ABSTRACT: The receptor-type protein tyrosine phosphatases (RPTPs) have been linked to signal transduction, cell adhesion, and neurite extension. PTPRT/RPTPrho is exclusively expressed in the central nervous system and regulates synapse formation by interacting with cell adhesion molecules and Fyn protein tyrosine kinase. Overexpression of PTPRT in cultured neurons increased the number of excitatory and inhibitory synapses by recruiting neuroligins that interact with PTPRT through their ecto-domains. In contrast, knockdown of PTPRT inhibited synapse formation and withered dendrites. Incubation of cultured neurons with recombinant proteins containing the extracellular region of PTPRT reduced the number of synapses by inhibiting the interaction between ecto-domains. Synapse formation by PTPRT was inhibited by phosphorylation of tyrosine 912 within the membrane-proximal catalytic domain of PTPRT by Fyn. This tyrosine phosphorylation reduced phosphatase activity of PTPRT and reinforced homophilic interactions of PTPRT, thereby preventing the heterophilic interaction between PTPRT and neuroligins. These results suggest that brain-specific PTPRT regulates synapse formation through interaction with cell adhesion molecules, and this function and the phosphatase activity are attenuated through tyrosine phosphorylation by the synaptic tyrosine kinase Fyn.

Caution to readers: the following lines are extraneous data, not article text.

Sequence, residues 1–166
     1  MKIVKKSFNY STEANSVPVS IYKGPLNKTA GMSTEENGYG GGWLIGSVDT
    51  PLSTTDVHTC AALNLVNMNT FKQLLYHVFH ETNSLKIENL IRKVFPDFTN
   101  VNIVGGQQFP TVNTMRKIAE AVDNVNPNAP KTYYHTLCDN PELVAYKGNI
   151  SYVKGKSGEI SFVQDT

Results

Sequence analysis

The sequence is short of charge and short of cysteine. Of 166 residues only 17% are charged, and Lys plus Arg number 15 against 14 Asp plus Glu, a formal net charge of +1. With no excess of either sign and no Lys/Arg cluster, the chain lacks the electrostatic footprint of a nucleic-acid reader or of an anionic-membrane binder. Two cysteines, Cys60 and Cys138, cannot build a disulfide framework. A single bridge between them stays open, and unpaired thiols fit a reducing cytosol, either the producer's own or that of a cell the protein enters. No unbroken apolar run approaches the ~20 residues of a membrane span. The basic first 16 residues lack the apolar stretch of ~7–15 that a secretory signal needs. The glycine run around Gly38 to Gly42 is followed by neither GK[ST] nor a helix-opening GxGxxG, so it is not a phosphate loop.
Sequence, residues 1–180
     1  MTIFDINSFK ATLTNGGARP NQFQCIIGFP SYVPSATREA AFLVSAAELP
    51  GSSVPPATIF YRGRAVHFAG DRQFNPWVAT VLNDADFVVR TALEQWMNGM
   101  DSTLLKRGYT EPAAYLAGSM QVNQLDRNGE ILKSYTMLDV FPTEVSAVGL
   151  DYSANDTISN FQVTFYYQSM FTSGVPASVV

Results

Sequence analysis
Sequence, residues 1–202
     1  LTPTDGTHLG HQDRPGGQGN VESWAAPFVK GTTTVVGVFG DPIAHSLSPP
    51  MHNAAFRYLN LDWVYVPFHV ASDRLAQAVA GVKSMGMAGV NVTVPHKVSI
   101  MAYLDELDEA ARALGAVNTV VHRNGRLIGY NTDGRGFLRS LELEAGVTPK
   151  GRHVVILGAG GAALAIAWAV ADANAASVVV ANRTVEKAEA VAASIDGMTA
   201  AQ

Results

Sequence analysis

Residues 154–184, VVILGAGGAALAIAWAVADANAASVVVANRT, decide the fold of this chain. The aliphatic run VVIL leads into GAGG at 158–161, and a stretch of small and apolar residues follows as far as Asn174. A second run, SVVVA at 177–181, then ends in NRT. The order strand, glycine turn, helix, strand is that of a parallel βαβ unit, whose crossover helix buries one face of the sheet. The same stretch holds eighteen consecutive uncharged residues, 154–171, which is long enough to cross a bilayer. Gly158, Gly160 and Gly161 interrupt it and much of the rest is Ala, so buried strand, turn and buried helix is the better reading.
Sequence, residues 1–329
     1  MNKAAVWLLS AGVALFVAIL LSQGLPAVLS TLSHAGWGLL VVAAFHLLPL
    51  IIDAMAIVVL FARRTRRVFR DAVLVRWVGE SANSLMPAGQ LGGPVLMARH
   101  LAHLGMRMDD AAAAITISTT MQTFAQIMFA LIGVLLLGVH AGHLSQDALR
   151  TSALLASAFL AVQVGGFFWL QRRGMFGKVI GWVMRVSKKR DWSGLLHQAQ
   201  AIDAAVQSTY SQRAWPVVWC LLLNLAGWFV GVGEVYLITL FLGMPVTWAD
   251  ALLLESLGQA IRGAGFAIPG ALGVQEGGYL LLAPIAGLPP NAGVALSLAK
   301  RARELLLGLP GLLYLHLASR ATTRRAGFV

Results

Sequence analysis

The EMBO Journal 10/2009; 28(22):3564-78. · 9.20 Impact Factor